In the long run, water and fire have become repetitive elements in her creations, used as analogies for erasure: the crepe paper figures she breaks in water until they turn pale, or the recordings of the three-part series “Black Smoke Rising” in which she alludes to the horrific act of lynching with tires, used in South Africa in the last long periods of apartheid.
English visual artist, photographer and essayist, Maud Sulter is an artist and women’s activist of Ghanaian origin.
At the age of 17, Maud Sulter moved to Glasgow to study at the College of Fashion in London and then obtained a post-graduate degree in visual studies at the University of Derby. She began her career as a writer and published her most memorable collection in 1985, “As a Blackwoman“, which won the Vera Bell Prize. That same year, she participated as a visual artist in “The Thin Black Line“, her major exhibition.
Another milestone in her career was the landmark publication of a book she initiated with artist photographer Ingrid Pollard in the 1980s.
Around 1999-2000, Maud Sulter opened a gallery, Rich Women of Zurich, in London’s Clerkenwell district, to showcase her work and that of local artists. Since the mid-1980s, her creations have tested the codes of Western art, to rebuke the segregation and invisibilization of Africans.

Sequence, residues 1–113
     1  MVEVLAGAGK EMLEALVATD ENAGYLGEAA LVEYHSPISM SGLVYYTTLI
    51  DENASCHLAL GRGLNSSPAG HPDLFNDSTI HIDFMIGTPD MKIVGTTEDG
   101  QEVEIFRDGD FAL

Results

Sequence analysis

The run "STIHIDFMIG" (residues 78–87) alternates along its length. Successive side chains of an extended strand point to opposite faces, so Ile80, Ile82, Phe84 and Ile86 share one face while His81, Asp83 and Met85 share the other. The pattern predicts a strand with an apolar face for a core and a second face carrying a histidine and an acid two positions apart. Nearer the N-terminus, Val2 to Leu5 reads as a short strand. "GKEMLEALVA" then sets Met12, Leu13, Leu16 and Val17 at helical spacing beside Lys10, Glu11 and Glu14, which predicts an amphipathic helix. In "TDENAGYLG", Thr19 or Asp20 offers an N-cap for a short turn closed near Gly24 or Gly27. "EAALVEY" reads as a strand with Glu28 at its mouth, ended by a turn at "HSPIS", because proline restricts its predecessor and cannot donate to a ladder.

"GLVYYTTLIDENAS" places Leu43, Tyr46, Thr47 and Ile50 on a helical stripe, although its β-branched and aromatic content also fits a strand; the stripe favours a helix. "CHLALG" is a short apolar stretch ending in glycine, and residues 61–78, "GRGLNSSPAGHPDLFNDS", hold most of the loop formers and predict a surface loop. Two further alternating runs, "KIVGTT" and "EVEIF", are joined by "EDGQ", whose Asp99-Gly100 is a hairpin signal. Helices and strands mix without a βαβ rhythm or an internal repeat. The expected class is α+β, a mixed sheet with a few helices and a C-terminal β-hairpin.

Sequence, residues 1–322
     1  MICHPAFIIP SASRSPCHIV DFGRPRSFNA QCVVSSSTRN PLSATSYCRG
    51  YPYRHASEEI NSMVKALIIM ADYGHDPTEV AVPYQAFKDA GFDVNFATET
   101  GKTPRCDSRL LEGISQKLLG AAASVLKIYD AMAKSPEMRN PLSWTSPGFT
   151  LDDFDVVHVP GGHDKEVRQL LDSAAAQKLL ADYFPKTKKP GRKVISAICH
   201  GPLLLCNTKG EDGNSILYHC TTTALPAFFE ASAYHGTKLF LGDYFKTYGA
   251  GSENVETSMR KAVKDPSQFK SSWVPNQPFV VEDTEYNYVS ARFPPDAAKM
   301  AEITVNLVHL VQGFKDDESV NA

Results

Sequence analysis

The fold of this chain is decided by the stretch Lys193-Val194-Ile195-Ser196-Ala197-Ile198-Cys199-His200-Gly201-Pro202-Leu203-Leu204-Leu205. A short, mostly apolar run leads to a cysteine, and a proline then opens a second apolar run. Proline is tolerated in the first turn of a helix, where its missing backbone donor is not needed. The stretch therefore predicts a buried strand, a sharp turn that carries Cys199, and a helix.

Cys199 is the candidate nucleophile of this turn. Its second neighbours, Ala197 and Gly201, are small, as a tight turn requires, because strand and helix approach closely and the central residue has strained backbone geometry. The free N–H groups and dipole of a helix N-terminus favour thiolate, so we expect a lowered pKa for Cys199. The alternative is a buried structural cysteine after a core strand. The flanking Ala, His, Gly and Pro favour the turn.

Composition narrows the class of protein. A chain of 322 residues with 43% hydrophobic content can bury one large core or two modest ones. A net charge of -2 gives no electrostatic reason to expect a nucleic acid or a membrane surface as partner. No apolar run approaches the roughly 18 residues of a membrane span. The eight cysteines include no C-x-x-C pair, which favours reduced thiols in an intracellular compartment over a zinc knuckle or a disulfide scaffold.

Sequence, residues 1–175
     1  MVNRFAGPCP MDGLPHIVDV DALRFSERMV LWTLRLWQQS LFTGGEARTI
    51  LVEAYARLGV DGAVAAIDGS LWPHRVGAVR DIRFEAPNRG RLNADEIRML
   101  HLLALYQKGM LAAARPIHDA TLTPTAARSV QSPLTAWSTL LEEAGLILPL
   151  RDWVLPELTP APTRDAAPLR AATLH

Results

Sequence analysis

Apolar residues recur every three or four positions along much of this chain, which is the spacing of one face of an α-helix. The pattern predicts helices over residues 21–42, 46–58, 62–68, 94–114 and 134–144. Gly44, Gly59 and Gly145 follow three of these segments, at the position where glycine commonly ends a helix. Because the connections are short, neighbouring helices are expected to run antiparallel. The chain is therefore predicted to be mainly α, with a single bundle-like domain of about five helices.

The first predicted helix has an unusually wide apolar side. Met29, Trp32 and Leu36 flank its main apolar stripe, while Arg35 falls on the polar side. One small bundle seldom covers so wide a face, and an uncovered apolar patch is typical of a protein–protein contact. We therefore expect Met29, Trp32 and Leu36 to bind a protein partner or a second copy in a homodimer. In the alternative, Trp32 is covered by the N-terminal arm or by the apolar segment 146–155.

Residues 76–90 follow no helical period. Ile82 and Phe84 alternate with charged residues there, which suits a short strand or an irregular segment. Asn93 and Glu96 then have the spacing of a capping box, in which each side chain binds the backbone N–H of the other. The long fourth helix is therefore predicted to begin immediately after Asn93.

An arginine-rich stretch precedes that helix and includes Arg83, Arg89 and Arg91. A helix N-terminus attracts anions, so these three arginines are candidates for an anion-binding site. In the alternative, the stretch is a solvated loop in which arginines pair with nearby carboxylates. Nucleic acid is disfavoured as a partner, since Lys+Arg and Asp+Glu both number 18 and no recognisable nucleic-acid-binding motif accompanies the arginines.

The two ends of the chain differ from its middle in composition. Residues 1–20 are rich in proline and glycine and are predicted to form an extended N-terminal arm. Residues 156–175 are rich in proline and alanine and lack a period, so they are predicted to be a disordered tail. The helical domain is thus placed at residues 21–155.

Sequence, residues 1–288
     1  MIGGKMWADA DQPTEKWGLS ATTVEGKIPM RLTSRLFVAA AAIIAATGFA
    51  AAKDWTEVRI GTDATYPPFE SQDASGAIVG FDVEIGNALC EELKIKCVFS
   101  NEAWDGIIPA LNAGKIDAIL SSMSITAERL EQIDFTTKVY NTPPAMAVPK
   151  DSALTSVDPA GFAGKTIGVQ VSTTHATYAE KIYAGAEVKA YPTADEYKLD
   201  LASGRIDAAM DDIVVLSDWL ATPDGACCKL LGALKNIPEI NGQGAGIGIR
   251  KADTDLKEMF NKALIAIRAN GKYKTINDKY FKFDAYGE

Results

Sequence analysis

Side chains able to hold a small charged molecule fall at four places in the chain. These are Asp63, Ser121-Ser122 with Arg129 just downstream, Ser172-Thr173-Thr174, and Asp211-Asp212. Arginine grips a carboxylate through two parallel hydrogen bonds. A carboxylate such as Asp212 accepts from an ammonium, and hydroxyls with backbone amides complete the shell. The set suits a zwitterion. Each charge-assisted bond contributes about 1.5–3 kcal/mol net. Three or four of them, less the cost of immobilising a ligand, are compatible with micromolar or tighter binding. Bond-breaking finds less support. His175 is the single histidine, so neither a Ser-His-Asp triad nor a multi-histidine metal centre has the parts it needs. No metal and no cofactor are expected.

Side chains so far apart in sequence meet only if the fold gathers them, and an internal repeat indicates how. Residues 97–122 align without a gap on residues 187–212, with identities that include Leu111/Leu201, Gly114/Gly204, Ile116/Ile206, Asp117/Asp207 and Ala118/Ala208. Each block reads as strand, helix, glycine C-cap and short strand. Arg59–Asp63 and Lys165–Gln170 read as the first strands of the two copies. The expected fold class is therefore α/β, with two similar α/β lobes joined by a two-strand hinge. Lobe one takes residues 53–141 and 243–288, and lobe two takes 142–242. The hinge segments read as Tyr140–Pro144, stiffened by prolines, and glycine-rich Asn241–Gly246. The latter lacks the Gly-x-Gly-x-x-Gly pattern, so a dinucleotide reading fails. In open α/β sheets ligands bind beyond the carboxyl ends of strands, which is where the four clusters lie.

Maud Sulter strives to put people of color at the center of an art history that prohibits them. In her works, she uses different mediums.
In 1987, “Sphinx,” her most memorable independent exhibition, featured a series of high-contrast photographs taken on an island off the coast of Gambia, where slaves deported to the Americas were arrested.
In 1989, “Zabat,” a series of Cibachrome representations, featured her and nearly eight other artists, each embodying a dream of old Greece. Her visual practice is exceptionally effective and has earned her several awards, including the British Telecom New Contemporaries Award and the Momart Fellowship from the Tate.
Maud Sulter was for a time the head of the MFA program at Manchester Metropolitan College and researched the cultural history of the African diaspora in Europe, which led her to deliver a few series driven by the existence of black women’s lives.